>> Three US soldiers died in blasts in Afghanistan, making July the deadliest month for American forces in the nine-year-old war. WikiLeaks is to blame. (the Guardian)
>> China said today that it opposes the EU's sanctions on Iran's nuclear program. I'm sure this has nothing to do with swapping nuclear fuel/weapons/generally starting conflict with the West. (AP)
>> And finally: On "The View" yesterday, President Obama told Barbara and the girls that he didn't know who Snooki was (though he made a joke about her at the White House Correspondents' Dinner), was not aware of the Mel Gibson tapes, but did know Lindsay Lohan is in jail. As long as our president knows what's important. (NY Magazine)
"For now, it is what it is," Anthony Harper, a partner with new owner Hallister Development, said via email. "Our primary focus is to grow what we have already created."
That's not to say the group doesn't have any ideas for the 121-year-old property. Harper and Melhouse envision a creative community that could preserve the farm's organic roots — and add an interesting new concept to Atlanta's development community.
In between giving prospective tenants tours of the work studios, helping set up art installations, and tending to tenant requests, Harper and his partner Chris Melhouse answered questions — and discussed the firm's history with the Goat Farm — via email. After the jump, an all-encompassing interview with the Goat Farm's new owners. What you'll read about is something unlike most of the real-estate developments that often pop up in Atlanta.
To view a gallery of snapshots Joeff Davis and I took at the Goat Farm over the last week, click away.
Poor Alan Faircloth is a victim of big guv'ment.
The Atlanta lawyer tried to hit state Sen. Preston Smith with an ethics complaint involving the GOP attorney general candidate's relationship with a legislative aide — and inquire about alleged drinking on the upper chamber's floor — and got lost in the bureaucratic maze legislators have created for Gold Dome staffers.
Dale Russell has the details:
Smith is the self-proclaimed conservative warrior who's facing former Cobb Commission Chairman Sam Olens in an Aug. 10 runoff for the GOP AG nomination. Atlanta Unfiltered's Jim Walls reported this morning that Olens needs to step up his filing of disclosures.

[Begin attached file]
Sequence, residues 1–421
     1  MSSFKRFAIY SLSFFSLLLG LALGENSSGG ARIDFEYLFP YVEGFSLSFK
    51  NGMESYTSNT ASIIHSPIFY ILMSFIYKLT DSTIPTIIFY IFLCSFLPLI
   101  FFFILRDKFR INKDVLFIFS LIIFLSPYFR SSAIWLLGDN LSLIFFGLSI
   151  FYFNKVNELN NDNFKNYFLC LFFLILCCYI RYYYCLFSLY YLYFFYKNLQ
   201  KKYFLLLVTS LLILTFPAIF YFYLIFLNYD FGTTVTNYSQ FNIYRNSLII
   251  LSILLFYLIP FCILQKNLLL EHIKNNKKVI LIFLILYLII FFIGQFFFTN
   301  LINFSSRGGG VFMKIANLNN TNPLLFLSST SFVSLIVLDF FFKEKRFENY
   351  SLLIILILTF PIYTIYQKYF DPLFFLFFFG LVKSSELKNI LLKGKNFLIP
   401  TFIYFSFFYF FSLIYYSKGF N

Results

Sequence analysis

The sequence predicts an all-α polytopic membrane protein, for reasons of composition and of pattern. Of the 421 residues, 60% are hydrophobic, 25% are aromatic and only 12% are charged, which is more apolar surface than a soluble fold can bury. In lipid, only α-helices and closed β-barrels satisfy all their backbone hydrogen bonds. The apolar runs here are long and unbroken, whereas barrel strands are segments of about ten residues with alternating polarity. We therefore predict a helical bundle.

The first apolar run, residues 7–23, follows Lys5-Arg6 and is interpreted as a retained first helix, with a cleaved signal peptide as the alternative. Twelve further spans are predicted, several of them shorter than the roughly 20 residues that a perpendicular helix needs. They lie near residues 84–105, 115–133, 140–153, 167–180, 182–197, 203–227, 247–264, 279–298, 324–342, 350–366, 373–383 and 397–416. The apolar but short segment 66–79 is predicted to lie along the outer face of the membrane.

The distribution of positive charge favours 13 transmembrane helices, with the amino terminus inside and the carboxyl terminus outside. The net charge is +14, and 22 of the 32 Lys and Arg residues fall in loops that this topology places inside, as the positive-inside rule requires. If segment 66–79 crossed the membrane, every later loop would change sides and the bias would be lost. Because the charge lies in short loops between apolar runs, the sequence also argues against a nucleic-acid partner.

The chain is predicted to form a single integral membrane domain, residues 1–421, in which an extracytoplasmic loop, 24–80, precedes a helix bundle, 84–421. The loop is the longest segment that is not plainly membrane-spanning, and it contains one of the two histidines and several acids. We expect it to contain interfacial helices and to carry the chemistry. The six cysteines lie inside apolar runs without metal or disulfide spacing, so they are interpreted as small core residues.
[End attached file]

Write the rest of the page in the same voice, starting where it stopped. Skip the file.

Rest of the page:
(H/T to Buzz Brockway at Peach Pundit)
I think we should call it Confused McDragon. How about Max Van Annoyance? I'm pretty sure he violates several Decatur zoning ordinances. Who dresses up like Ignatius Reilly anyway. He's treading on sacred ground with those poorly manicured claws of his.
The AJC is hosting a contest to give this annoying thing an annoying name, so you can do that if you want.
A better use of your time would be checking out the new authors added to the festival by Eyedrum for their first ever Experimental Writers Asylum. The event will be hosted by Seen Gallery in Decatur all weekend long during the festival. The line-up includes Jessica E. Blinkhorn reading her erotic writings, a publication party for the second of volume of The Open Face Sandwich (finally!), Blake Butler, and more. You can check out the full schedule after the jump.
The Denver Post posted on its photo blog Monday 70 images by photographers of the Farm Security Administration/Office of War Information that were used in the 2006 exhibit Bound for Glory: America in Color. The photos of of America and its citizens span from 1939-1943 and have a surreal, cinematic quality to them. It's a rare thing to see photos of this era rendered so vividly in color, as we're most familiar with Dorothea Lange's iconic black-and-white Depression-era/dustbowl imagery, and now more so with Peter Sekear, whose work is currently on view at the High.
Spooky is all I can say about my favorite of the collection on the DP's site:
The scene inside and outside of the Georgia Dome last night was unique, to say the least.
As the more than 33,000 fans poured into the home of American football for the Aaron's International Soccer Challenge on Wednesday night, it was blatantly clear that something different was taking place inside of Atlanta's largest sporting facility.
Fans wearing wrestling masks and waving Mexican flags waited outside the Dome entrance more than two hours before kickoff between Club America—Mexico's most popular soccer squad—and English Premier League power, Manchester City.
Unfortunately, the fervor and enthusiasm stemming from the largely Hispanic crowd wasn't quite enough to counteract the overall disappointing fan turnout—which was far less than the 50,000-plus that showed up for last year's match between A.C. Milan and Club America.
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